Around 4,000 BC "a giant interloper" entered our solar system and smashed into Jupiter. As it continues, Gilligan's description of the astronomical events which he imagines gets more and more incoherent. We are told that the collision with Jupiter resulted in the birth of Venus. On Mars, the large feature known as the Valles Marineris is the scar caused by the iron core of the planet being sucked out by one of the planetary close encounters and eventually becomig the planet Mercury. Mars, we are told, was the original home of our ancestors, who somehow managed to avoid being exterminated by these violent events and managed to migrate to Earth. Readers will search in vain for any clues as to how they could possibly have managed this.

It was, of course, the vast amount of material drawn from other planets that rained down on Earth which eventually became the sand that formed the Sahara and other deserts. Gilligan has proved, to his own satisfaction, that more conventional geologists and astronomers don't have a clue, and he has the real answers to questions about the history of Earth and the solar system. However, I think that this book will probably be of greater interest to psychologists and sociologists than to experts in the physical sciences. -- John Harney.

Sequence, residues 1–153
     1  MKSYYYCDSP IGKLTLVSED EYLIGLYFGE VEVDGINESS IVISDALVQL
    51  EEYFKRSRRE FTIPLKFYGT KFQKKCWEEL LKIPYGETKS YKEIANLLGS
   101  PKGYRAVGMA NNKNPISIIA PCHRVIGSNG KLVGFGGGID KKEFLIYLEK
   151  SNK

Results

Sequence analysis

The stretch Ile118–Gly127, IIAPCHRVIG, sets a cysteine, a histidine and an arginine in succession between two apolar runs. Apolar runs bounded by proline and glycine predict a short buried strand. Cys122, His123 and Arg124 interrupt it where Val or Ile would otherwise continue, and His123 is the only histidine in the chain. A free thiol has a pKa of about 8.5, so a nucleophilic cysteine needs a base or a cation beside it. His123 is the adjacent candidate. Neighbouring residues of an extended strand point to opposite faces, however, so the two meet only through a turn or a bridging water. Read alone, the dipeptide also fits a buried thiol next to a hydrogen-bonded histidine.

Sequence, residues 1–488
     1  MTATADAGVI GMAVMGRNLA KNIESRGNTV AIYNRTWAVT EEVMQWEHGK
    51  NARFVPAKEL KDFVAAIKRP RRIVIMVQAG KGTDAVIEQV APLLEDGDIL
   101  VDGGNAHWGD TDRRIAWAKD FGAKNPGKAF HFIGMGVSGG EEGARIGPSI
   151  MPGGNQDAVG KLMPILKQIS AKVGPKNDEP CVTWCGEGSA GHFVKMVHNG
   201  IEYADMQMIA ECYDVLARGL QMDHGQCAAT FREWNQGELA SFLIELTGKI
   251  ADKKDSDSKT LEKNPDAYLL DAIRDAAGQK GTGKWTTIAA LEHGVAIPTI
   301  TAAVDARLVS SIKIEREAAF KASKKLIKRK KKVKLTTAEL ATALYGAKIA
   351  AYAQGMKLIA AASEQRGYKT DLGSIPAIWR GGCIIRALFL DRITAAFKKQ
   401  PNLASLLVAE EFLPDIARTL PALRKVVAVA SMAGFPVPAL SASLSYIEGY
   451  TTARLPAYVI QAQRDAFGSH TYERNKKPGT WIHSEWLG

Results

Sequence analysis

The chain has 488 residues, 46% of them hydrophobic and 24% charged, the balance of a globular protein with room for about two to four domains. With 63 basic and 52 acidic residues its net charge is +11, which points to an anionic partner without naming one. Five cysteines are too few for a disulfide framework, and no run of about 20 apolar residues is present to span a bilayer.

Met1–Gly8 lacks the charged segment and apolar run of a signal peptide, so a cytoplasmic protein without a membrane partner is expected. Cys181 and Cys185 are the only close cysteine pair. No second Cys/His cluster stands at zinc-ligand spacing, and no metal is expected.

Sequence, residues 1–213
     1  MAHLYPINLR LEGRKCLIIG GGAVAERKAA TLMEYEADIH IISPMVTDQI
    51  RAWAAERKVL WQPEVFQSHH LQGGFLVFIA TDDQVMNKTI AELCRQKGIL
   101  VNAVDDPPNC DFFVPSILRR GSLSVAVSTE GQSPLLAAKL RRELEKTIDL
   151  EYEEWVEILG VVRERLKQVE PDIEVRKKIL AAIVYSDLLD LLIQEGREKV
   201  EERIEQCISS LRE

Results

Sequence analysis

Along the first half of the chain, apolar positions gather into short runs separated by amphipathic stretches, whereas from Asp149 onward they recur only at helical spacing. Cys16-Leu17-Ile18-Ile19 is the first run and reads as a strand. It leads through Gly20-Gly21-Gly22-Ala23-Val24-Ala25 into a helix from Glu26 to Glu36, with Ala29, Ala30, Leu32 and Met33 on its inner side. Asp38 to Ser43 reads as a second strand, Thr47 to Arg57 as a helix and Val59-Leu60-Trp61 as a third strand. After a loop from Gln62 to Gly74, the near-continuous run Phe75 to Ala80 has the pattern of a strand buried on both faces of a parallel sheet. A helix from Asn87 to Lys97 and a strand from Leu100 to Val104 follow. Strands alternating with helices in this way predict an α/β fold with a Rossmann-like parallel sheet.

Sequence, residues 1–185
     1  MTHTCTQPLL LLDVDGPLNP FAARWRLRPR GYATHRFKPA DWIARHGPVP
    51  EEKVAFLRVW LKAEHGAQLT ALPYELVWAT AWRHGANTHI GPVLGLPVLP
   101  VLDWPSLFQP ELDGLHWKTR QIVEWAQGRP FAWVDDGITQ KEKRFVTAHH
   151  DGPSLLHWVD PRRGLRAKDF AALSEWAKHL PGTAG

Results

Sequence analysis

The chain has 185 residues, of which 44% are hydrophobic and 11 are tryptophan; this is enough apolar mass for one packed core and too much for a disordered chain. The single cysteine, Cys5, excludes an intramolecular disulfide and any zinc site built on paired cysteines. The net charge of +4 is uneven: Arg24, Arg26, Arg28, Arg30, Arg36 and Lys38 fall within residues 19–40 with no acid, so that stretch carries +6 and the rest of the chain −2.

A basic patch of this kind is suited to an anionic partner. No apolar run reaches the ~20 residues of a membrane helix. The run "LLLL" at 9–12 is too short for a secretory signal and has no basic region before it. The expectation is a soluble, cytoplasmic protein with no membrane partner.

9.5.16

CLOSING IN ON CAMELOT

Graham Phillips. The Lost Tomb of King Arthur: The Search for Camelot and the Isle of Avalon. Bear & Co., 2016.

Graham Phillips has come a long way from the heady days of 'psychic questing', The Green Stone mystery and ‘belief oriented’ investigation. Far from what I described in my review of that particular book as “[a] farrago ... offered without the slightest fragment of evidence, and no indication that any of the dramatic events described in the most purple of prose … ever actually happened outside the imaginations of the people concerned”, his latest book offers a great deal of evidence, often in such detail as to baffle anyone who does not have at least a passing acquaintance with Dark Age Welsh literature.

From the beginning Phillips makes it clear that we are not searching for the ‘King Arthur’ depicted in familiar stories from the Late Middle Ages, such as Thomas Mallory’s Morte d’Arthur, which was itself derived and adapted from from earlier British sources, and later converted into Christian allegory. Rather Phillips is looking for the shadowy figure from Celtic Britain whose life and times most closely resemble those of the legendary King.